Nowhere is this more tragically exemplified today than in the matter of gay men and AIDS. With a background of Religious Science, est, Silva Mind Control, The Advocate Experience, and Rebirthing, Louise Hay is teaching that the solution to AIDS is to chant hundreds of times a day: “I love myself; I approve myself.” Obviously anyone who undertakes such an assignment in order to love himself already loves himself. But unfortunately, he doesn’t think he’s lovable. Chanting, however, won’t change his mind. It won’t change his self-experience or his feelings, either. And it won’t change his illness. It does, though, reinforce a defeated sense that he doesn’t experience what he should and that it’s his fault. Hay teaches that “we choose anger, we choose sadness.” Nonsense. These are emotions. We don’t choose emotions. Emotions are automatic responses to our beliefs. We feel involuntarily as a result of what we think. She tells people with AIDS what they want to hear: that recovery from AIDS is a choice. Her stupid notions are cruel because they heap frustration and guilt on top of tragedy and suffering that’s already bad enough. If and when people get sicker and die she has a slick out: “Some people would rather leave the planet than change.” And gay leaders who should know better rally around her preaching—largely because they see no other option. Understanding neither his own nor Hay’s judgmental approach, a gay minister judges that “Anything nonjudgmental has got to be good, and Louise Hay,” he judges, “is nonjudgmental.” Nonsense. She’s as judgmental as any of us. She simply judges in a different direction from that of the so-called judgmental and most people don’t seem to “get it.” Some gay leaders may be so open-minded their brains may have fallen out.

The Bible begins with God, creator of everything. New-Agespeak begins with me, I create everything. In the monotheistic Bible God says “I am your God,” but in monistic New-Agespeak we are god. In the Bible, God saves us. In New Age thinking, we’re not lost, we have no need of such salvation, and besides, if we do get a bit deviated, we’ll save ourselves. In the Bible we’re commanded to love God with everything we are and have and we’re to love each other as we already do love ourselves. In NewAgespeak we’re commanded to love ourselves as gods, with everything we are and have—a needless command since we already love ourselves in- ordinately, if unwisely. Even when we don’t like ourselves, we love ourselves. If we didn’t give such an almighty damn about ourselves we wouldn’t care so much about what we don’t like about our selves and what we’re afraid others then won’t like about us. In New-Agespeak we’re told that there are no absolutes,—except, I guess, for that absolute. We’re told there is no right and wrong,—except, I guess, for that right absolute.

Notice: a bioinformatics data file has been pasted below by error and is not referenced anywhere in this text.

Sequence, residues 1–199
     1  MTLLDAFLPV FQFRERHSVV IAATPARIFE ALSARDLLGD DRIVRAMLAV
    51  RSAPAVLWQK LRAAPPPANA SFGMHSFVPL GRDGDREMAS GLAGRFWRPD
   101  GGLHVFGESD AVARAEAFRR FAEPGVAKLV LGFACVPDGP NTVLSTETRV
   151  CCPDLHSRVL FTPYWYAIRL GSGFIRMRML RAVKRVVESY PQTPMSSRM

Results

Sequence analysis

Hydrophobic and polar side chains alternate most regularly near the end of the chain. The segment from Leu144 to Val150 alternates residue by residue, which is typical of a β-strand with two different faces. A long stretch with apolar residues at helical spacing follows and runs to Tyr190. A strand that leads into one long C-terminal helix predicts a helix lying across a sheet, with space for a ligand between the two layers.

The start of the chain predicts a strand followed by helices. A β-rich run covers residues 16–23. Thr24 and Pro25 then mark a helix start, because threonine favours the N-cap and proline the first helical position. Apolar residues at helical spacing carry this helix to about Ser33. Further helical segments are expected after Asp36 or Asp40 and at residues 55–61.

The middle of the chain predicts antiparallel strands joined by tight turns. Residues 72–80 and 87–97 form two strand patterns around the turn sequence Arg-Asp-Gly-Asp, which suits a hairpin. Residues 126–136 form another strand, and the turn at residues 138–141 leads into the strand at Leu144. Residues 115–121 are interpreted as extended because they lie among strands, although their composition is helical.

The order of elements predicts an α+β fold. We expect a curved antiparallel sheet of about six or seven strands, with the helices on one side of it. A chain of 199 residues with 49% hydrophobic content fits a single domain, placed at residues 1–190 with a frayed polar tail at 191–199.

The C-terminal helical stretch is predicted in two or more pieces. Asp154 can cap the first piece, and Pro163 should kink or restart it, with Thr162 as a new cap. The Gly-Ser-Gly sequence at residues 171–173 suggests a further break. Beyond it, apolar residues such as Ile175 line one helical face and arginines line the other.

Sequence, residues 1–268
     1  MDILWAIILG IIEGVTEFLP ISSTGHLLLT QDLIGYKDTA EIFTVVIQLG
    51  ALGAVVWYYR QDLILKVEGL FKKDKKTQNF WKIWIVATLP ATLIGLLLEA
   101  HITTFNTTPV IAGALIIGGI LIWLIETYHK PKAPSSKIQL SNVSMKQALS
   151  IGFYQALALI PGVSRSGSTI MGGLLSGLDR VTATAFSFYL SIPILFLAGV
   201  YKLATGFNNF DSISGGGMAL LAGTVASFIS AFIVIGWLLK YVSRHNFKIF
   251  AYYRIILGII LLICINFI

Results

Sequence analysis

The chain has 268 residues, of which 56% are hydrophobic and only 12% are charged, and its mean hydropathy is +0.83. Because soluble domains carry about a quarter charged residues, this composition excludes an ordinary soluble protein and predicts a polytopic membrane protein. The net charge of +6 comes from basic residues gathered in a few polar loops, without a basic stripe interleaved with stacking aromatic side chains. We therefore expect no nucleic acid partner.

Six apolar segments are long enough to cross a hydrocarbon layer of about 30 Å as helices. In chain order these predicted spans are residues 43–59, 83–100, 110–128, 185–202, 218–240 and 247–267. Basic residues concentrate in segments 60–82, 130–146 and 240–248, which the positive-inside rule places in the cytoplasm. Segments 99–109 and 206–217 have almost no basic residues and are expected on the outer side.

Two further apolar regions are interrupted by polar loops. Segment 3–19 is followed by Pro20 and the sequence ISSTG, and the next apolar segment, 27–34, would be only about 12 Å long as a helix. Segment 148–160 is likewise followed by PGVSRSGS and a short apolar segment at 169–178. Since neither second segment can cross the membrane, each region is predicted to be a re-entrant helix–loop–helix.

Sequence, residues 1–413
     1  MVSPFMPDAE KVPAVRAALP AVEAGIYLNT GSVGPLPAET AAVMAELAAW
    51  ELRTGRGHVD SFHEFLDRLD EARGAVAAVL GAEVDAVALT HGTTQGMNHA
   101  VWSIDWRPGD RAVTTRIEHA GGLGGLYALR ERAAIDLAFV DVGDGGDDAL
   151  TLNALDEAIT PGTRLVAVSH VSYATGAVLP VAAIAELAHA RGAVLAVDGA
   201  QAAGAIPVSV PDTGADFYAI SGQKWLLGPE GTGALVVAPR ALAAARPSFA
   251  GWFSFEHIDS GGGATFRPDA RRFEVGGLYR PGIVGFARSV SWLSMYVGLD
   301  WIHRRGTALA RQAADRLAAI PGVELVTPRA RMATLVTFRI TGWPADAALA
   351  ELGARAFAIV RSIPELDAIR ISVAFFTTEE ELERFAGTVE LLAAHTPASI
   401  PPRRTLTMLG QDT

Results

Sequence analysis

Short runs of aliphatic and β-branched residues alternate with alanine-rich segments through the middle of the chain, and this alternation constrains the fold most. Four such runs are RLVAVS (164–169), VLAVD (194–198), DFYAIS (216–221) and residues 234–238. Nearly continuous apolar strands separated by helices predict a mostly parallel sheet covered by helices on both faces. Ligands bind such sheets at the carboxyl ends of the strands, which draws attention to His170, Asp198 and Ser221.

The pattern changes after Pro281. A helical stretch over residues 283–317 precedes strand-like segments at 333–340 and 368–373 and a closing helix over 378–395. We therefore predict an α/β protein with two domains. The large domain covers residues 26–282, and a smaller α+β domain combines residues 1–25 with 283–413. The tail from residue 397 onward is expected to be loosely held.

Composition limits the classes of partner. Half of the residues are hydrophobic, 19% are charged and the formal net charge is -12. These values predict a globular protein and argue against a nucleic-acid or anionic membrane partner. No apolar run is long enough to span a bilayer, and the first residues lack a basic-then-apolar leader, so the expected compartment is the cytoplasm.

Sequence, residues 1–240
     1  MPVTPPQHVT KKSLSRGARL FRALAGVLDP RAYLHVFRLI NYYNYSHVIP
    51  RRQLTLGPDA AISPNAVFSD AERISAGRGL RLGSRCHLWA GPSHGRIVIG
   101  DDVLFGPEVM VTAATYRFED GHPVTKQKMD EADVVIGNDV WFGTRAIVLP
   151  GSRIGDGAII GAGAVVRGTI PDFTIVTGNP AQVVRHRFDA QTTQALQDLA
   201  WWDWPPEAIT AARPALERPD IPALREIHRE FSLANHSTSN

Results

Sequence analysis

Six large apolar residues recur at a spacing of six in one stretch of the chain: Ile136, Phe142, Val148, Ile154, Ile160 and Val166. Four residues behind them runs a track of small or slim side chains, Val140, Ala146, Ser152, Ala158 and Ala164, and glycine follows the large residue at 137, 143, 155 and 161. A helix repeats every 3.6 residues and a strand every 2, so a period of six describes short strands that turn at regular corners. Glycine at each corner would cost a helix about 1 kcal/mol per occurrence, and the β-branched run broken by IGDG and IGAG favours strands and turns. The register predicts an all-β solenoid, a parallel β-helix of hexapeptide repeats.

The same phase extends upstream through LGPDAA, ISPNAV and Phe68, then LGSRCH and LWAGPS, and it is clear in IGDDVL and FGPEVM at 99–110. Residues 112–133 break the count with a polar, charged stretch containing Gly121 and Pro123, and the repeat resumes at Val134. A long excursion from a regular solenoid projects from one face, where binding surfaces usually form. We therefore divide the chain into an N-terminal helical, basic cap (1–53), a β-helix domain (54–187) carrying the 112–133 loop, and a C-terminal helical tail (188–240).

More than 2,500 New Age-oriented book shops—not to mention the trade bookstores—sell books entitled, for example, Rebirthing Made Easy and Born Again and Again: How Reincarnation Occurs and The Guru in You: How to Play and Win the Game of Life. The books promise insight, health, and wealth but most of all, power and control.

Men and women flock to New Age classes—even “intensives”—in the use of tuning forks and sacred geometry in healing, ecstatic dance techniques for personal dialog between spirit and flesh, training in picking up mental pictures transmitted by animals in zoos, at racetracks, and at home, and lessons in musical communication with turkeys, buffalo, and mosquitos. Where they find buffalo in Manhattan, where this course is offered, is anybody’s guess. A dogmatic description in a New Age catalog reads: “The Gods and Goddesses are real and we are always under the influence of one or the other of them. Come and learn how we may approach them and invoke their blessing, using the ancient imaginal language of astrology.” Not even the curse of Nancy Reagan’s endorsement seems to have put this course out of vogue. Other promises: “The human capacity to heal is limitless. Learn breathing, gentle movement, visualization and massage.” “Learn how to receive the spirit of the tarot.” “Learn the Grand Design of Existence in a workshop that includes practical exercises to experience the various halls of heaven.” “Learn to awaken the sacred pipe.” “Invoke the spirits of your ancestors through identification with the Goddess. Please bring a candle of your favorite color and a stone you love.”

What does all of this have to do with our discussion of the Bible? I’ve pointed to some of these current spiritual alternatives not simply to poke fun at them as such but to make the point that to follow them requires no less a fundamental faith commitment than to believe the Bible. Indeed, it may be said that if for no other reasons than the centuries of rigorous testing of the Bible and the already easily discredited claims of New Age notions, a greater suspension of rationality and common sense is required with these alternatives than is required with biblical revelation. At bottom though, in trusting biblical revelation or extra-biblical “revelation,” we all do it all by faith. So how simple-minded do we have to be to take the Bible seriously? We have to be as simple as any other mind at its most simple starting point of reliance and trust.

How Big Is The Bible?

In speaking of the Bible, just what literature do we mean? How inclusive a book are we talking about? What’s in? What’s out?